The Key West Art & Historical Society’s guardianship of local legacy dates back to 1949, when community visionary Joe Allen gathered artists together to transform the Key West Art Center Corporation into the Key West Art & Historical Society
Under his guidance, and with Monroe County approval, the non-profit organization and community volunteers restored and opened Fort East Martello in 1950 as the first museum of the Florida Keys.
In 1969 the Society acquired the Lighthouse & Keeper’s Quarters. A series of restoration projects during the 1980s brought the lighthouse, and the stories of the families that kept its light burning, back to life for new generations.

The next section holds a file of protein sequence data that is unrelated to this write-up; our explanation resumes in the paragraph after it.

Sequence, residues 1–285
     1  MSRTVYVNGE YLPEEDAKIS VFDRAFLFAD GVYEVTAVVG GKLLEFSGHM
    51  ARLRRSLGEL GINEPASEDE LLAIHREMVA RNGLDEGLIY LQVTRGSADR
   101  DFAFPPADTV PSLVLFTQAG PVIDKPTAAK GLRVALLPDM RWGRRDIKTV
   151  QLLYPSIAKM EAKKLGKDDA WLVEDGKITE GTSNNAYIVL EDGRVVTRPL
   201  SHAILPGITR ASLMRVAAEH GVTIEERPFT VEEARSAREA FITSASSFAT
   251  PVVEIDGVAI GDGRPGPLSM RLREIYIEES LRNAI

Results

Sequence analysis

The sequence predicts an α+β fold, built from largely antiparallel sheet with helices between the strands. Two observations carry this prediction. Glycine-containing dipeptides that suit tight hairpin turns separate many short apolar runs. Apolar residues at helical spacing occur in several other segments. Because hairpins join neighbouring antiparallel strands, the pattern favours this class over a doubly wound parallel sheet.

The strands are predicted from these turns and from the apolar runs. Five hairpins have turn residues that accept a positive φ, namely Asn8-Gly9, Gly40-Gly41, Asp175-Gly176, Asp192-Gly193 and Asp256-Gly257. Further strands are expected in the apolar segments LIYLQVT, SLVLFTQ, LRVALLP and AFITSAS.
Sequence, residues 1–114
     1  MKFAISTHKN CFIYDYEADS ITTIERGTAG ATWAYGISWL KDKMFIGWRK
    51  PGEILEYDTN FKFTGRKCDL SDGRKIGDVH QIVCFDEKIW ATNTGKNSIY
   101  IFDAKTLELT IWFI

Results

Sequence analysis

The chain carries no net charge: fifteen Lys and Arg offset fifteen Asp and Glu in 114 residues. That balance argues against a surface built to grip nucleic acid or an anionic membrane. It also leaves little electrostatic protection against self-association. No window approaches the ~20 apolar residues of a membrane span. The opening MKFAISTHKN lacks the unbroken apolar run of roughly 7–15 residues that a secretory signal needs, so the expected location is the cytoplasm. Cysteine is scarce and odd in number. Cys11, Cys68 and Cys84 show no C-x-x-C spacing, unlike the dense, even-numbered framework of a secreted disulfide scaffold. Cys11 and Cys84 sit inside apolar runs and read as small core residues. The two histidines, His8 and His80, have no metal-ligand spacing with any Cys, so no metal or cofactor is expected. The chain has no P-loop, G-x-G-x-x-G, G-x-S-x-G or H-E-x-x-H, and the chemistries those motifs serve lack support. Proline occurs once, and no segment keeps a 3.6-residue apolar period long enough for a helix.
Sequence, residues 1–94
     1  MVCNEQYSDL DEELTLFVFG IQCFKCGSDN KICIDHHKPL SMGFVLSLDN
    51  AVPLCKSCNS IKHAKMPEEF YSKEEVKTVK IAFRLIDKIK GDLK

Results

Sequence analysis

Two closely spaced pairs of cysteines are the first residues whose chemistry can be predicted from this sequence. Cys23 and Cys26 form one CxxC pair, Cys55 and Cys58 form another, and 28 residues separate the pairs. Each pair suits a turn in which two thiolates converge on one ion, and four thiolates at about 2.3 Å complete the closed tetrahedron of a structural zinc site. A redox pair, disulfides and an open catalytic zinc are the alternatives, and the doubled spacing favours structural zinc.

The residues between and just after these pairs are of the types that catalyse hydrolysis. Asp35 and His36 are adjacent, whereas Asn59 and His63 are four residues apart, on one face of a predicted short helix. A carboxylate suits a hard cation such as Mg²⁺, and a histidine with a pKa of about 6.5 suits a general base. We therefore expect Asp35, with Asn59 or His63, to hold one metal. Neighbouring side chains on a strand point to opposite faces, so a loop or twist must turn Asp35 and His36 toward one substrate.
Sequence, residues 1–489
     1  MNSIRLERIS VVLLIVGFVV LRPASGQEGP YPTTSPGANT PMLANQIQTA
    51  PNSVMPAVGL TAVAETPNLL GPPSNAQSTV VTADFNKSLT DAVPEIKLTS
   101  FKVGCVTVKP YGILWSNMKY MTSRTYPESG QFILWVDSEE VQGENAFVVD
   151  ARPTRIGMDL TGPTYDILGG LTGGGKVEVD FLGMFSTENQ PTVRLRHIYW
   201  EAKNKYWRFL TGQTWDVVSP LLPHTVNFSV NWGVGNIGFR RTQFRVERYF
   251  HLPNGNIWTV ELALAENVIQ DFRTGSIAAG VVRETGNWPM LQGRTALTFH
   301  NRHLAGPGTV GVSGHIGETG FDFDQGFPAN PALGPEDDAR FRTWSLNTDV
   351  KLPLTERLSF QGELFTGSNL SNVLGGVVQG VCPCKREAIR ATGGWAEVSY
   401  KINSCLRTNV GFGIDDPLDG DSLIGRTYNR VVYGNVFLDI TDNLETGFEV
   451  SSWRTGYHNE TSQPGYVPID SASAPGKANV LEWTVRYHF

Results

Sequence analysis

In 1993, KWAHS added the abandoned four-story Custom House on Mallory Square to its repertoire of historic locations. After 9 years and $9 million, much of which raised by the local community, it reopened as the Custom House Museum and became home to KWAHS’s administrative offices.
In 2017 the Tennessee Williams Exhibit merged with the Key West Art & Historical Society, becoming the organization’s fourth museum. It currently operates as the Tennessee Williams Museum.
Today, as one of the oldest cultural organizations in the Florida Keys, KWAHS continues to introduce visitors to local art and history through its three museums and humanities-based programming, safeguarding the heritage of the Florida Keys.